The Papua New Guinea government is refusing to comment on the apparent deadlock with Australia over the collapsed multi-million dollar Enhanced Cooperation Programme.
The aid programme was thrown into doubt in May when the Supreme Court ruled that immunity provisions for Australian police were unconstitutional.
160 Australian police have left and top-level talks have been held in both Australia and PNG to revive the ECP.
No progress has been reported and a University of Papua New Guinea political science professor, Allan Patience, now says the idea of pulling out of PNG is gaining traction in Australia.
"There's a growing feeling in Australia in right wing circles that aid money to Papua New Guinea from Australia has been wasted, squandered even, that aid is not working, than even an ECP won't work, so the best thing is to pull out altogether and simply use the money to reinforce some security installations along the north coast."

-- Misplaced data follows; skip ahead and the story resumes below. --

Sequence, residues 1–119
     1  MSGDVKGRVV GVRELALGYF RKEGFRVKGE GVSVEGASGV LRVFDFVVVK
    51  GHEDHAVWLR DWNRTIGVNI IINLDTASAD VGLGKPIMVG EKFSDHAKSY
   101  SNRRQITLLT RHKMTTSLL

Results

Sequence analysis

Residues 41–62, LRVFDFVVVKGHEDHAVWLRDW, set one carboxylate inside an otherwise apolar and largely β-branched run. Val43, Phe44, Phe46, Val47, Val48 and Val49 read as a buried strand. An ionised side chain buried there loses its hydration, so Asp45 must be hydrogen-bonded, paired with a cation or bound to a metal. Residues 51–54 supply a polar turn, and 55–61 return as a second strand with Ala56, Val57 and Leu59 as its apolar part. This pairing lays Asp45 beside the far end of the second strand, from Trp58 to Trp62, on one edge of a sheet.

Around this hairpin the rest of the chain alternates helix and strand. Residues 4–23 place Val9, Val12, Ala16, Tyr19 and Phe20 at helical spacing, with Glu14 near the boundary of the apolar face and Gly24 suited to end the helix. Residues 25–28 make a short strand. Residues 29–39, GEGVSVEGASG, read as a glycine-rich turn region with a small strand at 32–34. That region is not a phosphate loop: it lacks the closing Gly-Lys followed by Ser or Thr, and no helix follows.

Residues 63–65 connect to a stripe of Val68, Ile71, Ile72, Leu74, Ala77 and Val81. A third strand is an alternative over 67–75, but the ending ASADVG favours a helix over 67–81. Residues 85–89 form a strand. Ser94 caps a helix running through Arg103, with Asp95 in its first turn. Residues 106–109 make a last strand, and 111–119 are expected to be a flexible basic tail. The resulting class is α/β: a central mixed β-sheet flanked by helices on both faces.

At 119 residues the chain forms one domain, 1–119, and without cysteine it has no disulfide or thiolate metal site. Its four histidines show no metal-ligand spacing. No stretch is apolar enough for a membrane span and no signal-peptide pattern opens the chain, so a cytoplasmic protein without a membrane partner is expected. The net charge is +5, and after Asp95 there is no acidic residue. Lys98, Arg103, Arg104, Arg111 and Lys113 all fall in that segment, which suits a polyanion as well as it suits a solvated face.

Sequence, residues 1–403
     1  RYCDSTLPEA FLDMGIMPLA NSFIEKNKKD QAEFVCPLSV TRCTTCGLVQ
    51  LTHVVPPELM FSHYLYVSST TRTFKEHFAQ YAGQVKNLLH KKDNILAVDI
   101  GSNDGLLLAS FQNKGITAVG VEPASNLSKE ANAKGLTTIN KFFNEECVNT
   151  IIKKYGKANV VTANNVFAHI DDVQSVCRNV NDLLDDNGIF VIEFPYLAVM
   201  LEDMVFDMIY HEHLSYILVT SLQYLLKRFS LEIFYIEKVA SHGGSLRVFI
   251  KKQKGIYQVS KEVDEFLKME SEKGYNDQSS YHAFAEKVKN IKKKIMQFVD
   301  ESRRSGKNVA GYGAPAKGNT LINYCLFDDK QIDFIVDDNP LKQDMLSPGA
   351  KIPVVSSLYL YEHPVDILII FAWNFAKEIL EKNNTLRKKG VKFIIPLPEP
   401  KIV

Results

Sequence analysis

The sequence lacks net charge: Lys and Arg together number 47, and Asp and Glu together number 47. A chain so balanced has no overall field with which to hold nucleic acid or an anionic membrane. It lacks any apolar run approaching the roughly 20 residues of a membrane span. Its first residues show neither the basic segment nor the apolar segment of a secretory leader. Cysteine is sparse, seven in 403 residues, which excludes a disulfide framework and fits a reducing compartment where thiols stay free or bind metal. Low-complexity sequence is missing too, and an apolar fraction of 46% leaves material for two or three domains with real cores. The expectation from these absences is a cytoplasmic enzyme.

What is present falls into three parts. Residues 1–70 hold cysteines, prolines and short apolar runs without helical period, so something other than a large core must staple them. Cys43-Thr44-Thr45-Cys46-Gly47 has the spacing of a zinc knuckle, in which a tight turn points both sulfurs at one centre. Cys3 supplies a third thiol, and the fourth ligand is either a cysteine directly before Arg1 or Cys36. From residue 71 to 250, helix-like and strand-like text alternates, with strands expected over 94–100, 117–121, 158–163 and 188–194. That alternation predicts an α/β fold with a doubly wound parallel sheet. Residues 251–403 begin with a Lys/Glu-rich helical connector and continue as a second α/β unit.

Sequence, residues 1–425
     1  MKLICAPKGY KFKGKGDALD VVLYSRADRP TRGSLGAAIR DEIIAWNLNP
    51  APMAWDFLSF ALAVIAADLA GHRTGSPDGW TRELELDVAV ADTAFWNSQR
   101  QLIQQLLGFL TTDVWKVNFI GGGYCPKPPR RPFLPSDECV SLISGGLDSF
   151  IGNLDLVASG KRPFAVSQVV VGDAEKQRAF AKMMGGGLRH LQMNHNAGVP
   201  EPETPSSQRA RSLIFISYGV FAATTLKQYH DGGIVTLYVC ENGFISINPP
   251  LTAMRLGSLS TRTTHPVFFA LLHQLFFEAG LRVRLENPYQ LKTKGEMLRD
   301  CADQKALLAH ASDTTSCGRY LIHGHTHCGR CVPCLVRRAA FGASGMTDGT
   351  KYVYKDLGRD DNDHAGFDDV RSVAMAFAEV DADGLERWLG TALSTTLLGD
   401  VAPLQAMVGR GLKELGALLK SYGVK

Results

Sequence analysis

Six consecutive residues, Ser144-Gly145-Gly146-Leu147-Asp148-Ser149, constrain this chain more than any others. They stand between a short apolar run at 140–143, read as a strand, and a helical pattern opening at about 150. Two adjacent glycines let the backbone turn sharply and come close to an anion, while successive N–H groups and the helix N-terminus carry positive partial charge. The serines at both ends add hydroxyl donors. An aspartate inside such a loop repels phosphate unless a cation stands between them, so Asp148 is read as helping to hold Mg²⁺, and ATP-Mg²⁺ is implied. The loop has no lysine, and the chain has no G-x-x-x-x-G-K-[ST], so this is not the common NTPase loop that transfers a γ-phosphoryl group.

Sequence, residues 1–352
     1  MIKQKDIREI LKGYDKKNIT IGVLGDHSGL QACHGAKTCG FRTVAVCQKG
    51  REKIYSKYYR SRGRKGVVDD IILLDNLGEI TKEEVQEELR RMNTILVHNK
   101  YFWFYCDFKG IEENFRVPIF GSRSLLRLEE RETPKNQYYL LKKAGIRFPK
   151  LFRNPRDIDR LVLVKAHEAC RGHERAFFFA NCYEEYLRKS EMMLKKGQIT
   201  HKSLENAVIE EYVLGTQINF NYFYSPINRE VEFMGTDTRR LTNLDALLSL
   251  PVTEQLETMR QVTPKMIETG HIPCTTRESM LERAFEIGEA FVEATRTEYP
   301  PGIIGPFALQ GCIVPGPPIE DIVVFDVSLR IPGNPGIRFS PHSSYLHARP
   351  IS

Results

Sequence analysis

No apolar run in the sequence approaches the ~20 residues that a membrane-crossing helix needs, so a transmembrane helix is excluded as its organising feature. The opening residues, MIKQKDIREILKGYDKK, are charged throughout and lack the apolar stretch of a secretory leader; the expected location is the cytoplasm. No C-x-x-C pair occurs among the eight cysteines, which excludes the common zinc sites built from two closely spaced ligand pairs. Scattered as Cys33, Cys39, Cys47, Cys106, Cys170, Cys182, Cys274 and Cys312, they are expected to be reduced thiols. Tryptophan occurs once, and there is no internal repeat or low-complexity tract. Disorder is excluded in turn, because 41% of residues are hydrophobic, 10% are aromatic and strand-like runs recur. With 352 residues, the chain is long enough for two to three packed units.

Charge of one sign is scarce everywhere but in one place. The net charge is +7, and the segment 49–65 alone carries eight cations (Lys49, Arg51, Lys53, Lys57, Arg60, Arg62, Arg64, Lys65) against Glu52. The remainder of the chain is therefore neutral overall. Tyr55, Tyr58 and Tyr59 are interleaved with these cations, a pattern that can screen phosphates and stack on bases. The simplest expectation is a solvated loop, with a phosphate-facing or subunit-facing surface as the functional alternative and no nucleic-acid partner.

Professor Patience says he believes time is running out for Australian officials working in government departments in PNG.
He says its constitutionally impossible for the PNG government to agree to the immunity provision.